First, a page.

“Gratitude bestows reverence, allowing us to encounter everyday epiphanies, those transcendent moments of awe that change forever how we experience life and the world.” – John Milton
A few weeks ago, some friends and I attended a weekend seminar entitled Superpower You. The goal of the weekend was to name our inherent superpowers and use them to be more unapologetically, gloriously ourselves. Through a series of exercises, work sheets, conversations, and a few tears, I now know my superpowers.Read more
I need to quit something. It’s a something that is a net good thing for the world–it brings me extra income, it accomplishes positive things for people–but it is a something that is not good for me.
Lately, I’ve been challenged to think about the dangers of people pleasing and its negative health consequences. Fellow do-gooders, nonprofit professionals, and people pleasers of the world, I’m here to tell you: if something isn’t feeding you, it’s okay to quit. That thing–that volunteer gig, that second job, that thing that helps you 10 percent but runs you ragged–can survive without you. I am replaceable, and you are replaceable. That’s a really freeing thing if you’ll let it be.Read more
I am finishing up an MBA at the University of Saint Thomas, and one of my last classes is an elective on negotiations. I really enjoy it. The readings are on sports contracts and great diplomatic compromises. I enjoy both role-playing in the cases that we use for mock negotiations and the debriefing afterward, where the class analyzes cases from every point of view. These are enriching experiences.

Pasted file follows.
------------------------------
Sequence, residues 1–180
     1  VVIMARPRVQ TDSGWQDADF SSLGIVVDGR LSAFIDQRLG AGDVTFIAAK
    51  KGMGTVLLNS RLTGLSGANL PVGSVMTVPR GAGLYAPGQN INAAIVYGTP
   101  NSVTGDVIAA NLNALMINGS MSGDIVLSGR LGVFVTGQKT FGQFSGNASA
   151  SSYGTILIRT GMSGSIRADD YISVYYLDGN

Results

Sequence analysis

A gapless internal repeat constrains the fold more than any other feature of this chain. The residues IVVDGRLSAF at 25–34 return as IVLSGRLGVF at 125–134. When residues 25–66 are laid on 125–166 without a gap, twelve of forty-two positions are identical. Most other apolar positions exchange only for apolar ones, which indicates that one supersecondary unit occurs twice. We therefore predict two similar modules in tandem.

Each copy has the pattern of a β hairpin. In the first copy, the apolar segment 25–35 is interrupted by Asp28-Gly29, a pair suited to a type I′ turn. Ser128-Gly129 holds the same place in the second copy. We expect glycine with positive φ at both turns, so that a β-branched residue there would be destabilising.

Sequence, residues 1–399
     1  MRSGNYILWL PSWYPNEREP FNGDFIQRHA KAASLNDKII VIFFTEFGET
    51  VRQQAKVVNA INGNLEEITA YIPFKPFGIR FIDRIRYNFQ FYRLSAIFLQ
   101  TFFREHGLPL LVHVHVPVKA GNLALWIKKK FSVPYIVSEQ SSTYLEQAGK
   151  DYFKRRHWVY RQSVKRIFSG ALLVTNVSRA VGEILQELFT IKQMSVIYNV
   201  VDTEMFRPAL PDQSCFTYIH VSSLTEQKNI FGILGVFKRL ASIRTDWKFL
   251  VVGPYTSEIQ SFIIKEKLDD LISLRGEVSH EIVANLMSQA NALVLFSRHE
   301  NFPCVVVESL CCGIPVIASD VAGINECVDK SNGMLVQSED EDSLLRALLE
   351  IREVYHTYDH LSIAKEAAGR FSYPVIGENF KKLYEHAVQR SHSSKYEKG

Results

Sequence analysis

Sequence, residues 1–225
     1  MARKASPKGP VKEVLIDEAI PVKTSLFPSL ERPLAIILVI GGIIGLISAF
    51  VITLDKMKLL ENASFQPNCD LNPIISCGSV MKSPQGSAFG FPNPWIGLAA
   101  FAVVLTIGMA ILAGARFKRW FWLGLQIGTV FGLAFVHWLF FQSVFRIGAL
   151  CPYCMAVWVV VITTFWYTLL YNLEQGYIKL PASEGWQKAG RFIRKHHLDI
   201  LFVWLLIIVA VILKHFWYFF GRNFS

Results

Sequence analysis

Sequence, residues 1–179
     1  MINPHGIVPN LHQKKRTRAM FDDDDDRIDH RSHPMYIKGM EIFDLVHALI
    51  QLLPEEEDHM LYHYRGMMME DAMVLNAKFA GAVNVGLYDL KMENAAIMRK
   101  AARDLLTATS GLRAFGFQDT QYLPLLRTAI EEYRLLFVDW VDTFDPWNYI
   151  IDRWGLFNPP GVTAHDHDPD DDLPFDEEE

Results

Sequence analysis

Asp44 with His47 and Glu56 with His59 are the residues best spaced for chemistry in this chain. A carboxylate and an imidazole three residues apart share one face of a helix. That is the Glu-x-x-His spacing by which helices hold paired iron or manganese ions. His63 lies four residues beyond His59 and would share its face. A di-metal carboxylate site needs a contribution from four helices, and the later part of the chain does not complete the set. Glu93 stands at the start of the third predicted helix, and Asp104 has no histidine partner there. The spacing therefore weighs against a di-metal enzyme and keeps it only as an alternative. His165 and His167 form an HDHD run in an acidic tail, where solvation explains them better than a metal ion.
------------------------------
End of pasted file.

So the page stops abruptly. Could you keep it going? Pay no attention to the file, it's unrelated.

There are some really useful skills that I've picked up in the class, many from Ron Shapiro's book, The Power of Nice. If you are looking for an approachable book on building your negotiation skills, I'd definitely recommend this one. It’s full of memorable guidelines and pithy insights from many years in sports and entertainment negotiation, and it’s a quick read. His “3Ps and a Big L” – prepare, probe, propose, and listen – is as useful and basic an insight as you’re likely to get, and it can be applied to any number of situations we face as young nonprofit professionals.Read more
April, 2009 Click… Bushfire in Australia kills over 150 people, exact numbers still unknown … Click… the WHO now considers the swine flu outbreak to be an emergency of international concern … Click…an Alabama man kills 9 people before committing suicide … Click …
I wanted to “DO SOMETHING”. Only, I wasn’t really sure what that “SOMETHING” was- I just had a fuzzy, unfocused and sincere desire to help. I had recently graduated college, was stuck in a boring job, and my only response to horrible things happening in the world, was to click over to cat videos or, at most, write an impassioned Facebook post, where friends would join me in my outrage and inaction.Read more
On Twitter, I saw the picture of Mike Brown’s father holding a cardboard sign saying, “Ferguson police just executed my unarmed son!!!” A few days later, I watched the livestream of protesters being tear gassed in Ferguson, literally with my hand over my mouth in shock. There were the pictures of protesters doused in milk to ease the tear gas and the waves of police officers in riot gear with armored cars. Countless images of young black men with their hands in the air: hands up, don’t shoot.
I cannot get these images, and the real lived experiences of what was captured, out of my head.
The post-9/11 mantra of “if you see something, say something” made us fearful of the forgotten backpack and the unknown stranger. But seeing the images from Ferguson compels me to do something, say something, do anything, say anything that can help those strangers. I just don’t know what it is yet.Read more